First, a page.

Michael Gove says Brexit priorities must reflect Remainer concerns after Tory election defeat

Mark Sands
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Theresa May Re-shuffles Her Cabinet After The General Election
The Conservatives lost 13 seats in last week's general election (Source: Getty)

Newly appointed environment secretary and leading Brexiteer Michael Gove has admitted that last week's election results mean Theresa May's Conseratives must listen to outside voices on Brexit.

The Tories lost 13 seats at the General Election, and despite May's hopes of securing a strong majority, the UK has been left facing a hung parliament.

The Prime Minister is still in talks with the Democratic Unionist Party over a potential "confidence and supply" deal to allow the Conservatives to press on, but Gove has said the Tories must also show flexibility on Brexit.

Speaking on the Today programme, Gove - a leading figure in the Vote Leave campaign - said that it was time for an "open conversation" about how the UK leaves the EU.

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"It is also the case that we need to recognise that we, as Conservatives, were not returned as a majority. That means we need to proceed with the maximum possible consensus," he said.

"We also need to ensure that the concerns of people who voted Remain, many of whom want us to press ahead with leaving the EU as quickly and in as orderly a fashion as possible, we need to make sure their concerns are part of our conversation."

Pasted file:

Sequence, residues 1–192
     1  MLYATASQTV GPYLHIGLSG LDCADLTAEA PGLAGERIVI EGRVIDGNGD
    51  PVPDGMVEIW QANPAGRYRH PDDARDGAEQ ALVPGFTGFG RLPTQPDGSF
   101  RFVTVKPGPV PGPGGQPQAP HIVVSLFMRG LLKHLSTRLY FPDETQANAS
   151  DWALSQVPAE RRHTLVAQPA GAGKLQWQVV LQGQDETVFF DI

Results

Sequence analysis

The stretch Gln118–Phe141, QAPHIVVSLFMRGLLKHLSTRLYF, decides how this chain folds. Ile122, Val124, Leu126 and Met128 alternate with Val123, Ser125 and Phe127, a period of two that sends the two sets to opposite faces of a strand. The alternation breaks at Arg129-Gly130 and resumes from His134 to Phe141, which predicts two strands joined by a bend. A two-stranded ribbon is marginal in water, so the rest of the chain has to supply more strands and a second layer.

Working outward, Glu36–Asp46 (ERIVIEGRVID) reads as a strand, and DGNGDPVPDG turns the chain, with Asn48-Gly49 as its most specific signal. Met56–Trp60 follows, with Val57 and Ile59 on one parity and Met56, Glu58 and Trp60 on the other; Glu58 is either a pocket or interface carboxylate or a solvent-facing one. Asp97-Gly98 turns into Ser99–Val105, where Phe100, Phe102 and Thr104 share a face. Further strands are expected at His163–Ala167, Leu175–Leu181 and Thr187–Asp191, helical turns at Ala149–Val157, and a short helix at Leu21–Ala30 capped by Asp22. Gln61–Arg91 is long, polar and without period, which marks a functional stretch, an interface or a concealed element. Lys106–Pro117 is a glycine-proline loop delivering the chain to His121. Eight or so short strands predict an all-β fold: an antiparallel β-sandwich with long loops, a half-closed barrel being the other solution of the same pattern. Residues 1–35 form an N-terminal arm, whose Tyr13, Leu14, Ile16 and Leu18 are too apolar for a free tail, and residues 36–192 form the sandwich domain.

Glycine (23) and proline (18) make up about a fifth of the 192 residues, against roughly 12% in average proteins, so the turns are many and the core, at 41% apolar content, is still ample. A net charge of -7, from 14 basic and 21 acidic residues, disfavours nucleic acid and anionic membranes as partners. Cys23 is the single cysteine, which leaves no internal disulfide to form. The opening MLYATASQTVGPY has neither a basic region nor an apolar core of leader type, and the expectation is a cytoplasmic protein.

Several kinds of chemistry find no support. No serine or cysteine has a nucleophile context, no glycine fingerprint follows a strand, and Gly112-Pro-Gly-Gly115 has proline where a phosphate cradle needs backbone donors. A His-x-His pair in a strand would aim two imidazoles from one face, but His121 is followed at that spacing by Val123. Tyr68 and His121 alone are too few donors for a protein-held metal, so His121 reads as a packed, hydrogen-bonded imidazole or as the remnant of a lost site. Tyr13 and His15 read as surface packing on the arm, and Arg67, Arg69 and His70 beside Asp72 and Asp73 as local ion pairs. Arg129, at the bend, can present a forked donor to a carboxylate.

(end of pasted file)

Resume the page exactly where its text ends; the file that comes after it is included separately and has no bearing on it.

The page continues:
It comes as former Tory leader Lord Hague has written in the Telegraph calling for a cross-party alliance to help steer Brexit, with leading business groups also handed a role.

"Call in the CBI, the Institute of Directors, the British Chambers of Commerce, the Federation of Small Businesses, the TUC, the first minsiters of the devolved administrations and the leaders of all the opposition parties - yes, even Corbyn - leading MPs of all parties and say: 'If you are willing to discuss how to make this work within these parameters, come in and we will be open to your views,'" Hague said.

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Scottish Tories leader Ruth Davidson similarly called for Brexit plans to be "re-opened" in the aftermath of last week's results, while former small business minister and repeated rebel Anna Soubry has called on British firms to "speak truth to power" on Brexit.

But pressed on whether the government's plans would change, Brexit secretary David Davis yesterday reiterated the commitment to quitting both the Single Market and the European Customs Union.

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